Parents know that as children get older and their circle of friends grows, there is often a steady stream of kids in and out of the house. Some of these children grow up to young adults right in front of the parents’ eyes, and some only make an appearance or two before the friendship peters out or never really gets off the ground to begin with. A few select children become like honorary members of the family, spending hours at a time, eating meals and generally becoming as close to the children of the home as siblings, and look to the parents as another set of parental figures. Children often look to the friends they spend the bulk of their time with, and adults that they respect and trust during times of crisis, such as if their parents decide to get a divorce. This article will offer some suggestions on how you can help your child’s friend whose parents are divorcing, through this difficult and confusing time.
Offer Your Home As A Safe Haven. While you may currently have a set schedule and allowable times for your children’s friends to socialize in your home, this one particular friend may truly need a bit of leniency of those rules right about now. There may be a large amount of fighting between child’s parents, one or both of the parents may be showing signs of depression, or the changes going on in the home may just be very unsettling to the child. Allowing that child some extra time in your home, whether it be several times a week after school and for dinner, or to spend the night on the weekends, may be very beneficial during this time. It allows the child to take a break from the goings on at home, and also allows the parents of the child some privacy to take care of what they need to, without upsetting the child any more than necessary.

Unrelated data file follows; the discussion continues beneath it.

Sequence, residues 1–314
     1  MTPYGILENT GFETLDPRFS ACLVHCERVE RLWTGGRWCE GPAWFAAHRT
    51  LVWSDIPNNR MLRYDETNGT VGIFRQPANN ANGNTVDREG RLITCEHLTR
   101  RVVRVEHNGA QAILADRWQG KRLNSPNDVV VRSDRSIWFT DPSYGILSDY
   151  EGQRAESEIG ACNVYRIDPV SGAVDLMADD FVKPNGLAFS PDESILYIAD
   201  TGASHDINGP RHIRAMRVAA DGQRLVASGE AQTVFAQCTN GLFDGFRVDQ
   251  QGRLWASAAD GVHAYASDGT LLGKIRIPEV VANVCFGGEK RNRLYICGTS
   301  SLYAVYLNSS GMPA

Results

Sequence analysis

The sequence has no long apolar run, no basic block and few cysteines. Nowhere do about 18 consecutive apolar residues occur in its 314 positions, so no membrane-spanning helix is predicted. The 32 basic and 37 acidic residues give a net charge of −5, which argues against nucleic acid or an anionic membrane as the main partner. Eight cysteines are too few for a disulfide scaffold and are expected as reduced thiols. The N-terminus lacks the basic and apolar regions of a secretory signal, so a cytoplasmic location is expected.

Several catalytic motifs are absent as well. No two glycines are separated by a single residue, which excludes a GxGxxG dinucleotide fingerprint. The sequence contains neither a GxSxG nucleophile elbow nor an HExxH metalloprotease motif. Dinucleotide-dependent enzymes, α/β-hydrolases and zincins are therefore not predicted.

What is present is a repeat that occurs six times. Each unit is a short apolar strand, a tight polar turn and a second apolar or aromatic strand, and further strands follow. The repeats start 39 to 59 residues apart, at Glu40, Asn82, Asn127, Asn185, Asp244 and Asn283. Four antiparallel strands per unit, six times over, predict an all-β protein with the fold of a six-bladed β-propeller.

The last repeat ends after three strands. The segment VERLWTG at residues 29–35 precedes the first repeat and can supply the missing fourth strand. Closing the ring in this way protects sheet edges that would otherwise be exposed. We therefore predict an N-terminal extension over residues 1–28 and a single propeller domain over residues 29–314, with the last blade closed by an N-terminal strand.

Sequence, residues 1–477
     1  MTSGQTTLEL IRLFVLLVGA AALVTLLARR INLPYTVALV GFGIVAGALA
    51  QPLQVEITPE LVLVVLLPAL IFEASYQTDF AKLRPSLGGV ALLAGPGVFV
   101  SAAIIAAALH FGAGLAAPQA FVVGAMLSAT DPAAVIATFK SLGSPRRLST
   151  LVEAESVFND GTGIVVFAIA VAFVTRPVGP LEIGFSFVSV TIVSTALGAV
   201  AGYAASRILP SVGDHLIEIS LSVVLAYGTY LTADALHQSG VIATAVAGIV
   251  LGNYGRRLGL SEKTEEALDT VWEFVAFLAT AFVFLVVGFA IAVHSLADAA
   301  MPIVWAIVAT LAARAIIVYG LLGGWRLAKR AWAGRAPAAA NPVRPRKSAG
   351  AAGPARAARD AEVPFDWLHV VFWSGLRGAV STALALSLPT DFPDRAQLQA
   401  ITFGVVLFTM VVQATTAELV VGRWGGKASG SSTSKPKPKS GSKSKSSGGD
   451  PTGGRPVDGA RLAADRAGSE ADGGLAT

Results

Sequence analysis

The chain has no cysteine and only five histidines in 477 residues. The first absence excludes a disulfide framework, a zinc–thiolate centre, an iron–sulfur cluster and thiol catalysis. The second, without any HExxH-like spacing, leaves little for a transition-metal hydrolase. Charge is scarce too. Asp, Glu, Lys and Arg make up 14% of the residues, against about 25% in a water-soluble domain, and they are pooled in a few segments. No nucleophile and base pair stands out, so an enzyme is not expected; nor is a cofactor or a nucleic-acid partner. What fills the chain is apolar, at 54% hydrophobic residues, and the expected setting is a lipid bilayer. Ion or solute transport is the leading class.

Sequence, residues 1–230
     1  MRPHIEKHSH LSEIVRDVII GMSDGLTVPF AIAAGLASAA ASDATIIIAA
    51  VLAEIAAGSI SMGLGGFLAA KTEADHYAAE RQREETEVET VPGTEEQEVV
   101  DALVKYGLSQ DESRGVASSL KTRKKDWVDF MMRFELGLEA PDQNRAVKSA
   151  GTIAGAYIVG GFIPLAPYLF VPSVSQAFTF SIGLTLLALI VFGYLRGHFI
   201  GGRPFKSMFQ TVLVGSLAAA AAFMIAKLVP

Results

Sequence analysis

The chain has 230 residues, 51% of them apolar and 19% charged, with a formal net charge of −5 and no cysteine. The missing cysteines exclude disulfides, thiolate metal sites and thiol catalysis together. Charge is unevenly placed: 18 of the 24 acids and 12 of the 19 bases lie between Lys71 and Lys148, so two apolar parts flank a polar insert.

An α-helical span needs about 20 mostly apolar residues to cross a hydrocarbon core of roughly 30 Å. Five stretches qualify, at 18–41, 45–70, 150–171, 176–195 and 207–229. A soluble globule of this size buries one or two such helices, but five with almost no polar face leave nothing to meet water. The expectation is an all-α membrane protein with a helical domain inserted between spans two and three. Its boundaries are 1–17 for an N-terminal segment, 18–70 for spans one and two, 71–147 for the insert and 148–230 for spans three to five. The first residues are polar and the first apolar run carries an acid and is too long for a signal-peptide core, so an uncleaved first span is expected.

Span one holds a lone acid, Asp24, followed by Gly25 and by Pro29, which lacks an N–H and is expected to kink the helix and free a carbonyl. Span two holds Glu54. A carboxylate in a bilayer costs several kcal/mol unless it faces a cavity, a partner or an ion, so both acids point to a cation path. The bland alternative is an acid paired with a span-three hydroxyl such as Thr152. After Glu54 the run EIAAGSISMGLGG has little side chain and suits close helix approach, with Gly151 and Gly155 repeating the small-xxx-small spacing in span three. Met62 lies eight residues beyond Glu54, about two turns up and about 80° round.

Befriend The Child’s Parent. Offer the child’s parent a sympathetic ear, and make it known that you are available to look after the child when the need arises. Offering yourself as a support person to the child’s parent, and helping out with rides to sports practice, assisting with homework or just having the child over for dinner several times a week can help to relieve a bit of the burden of an impending divorce. This ultimately helps your child’s friend, as it gives his or her parents a little bit of relief from an overwhelming schedule and a chance to regroup now and then during this difficult time. This will surely help the parent to be more patient and focused on helping the child deal with his or her parent’s divorce.
Refrain From Making Disparaging Remarks About The Child’s Mother Or Father. No matter what the circumstances of the divorce, refrain from criticizing or making disparaging remarks about the couple in front of the child. Your child’s friend will need to process the divorce in his or her own way, and hopefully, will remain close to both parents. Save your opinion and adult conversation about the couple for your spouse, and your spouse only. Offer only compassion and encouraging remarks to the child, in order to help them through the situation as emotionally unscathed as possible.
Be An Example Of A Healthy And Loving Family. Some, but not all, children who have gone through their parents’ divorce are led to believe that all marriages eventually end unhappily, and arguing and constant criticism of each other is part of being a family. Show this child that there are certainly marriages that are healthy, happy and weather storms together without splitting up. Make your home an example of a positive and supportive family environment that will give this child a clearer perspective on relationships and positive family dynamics.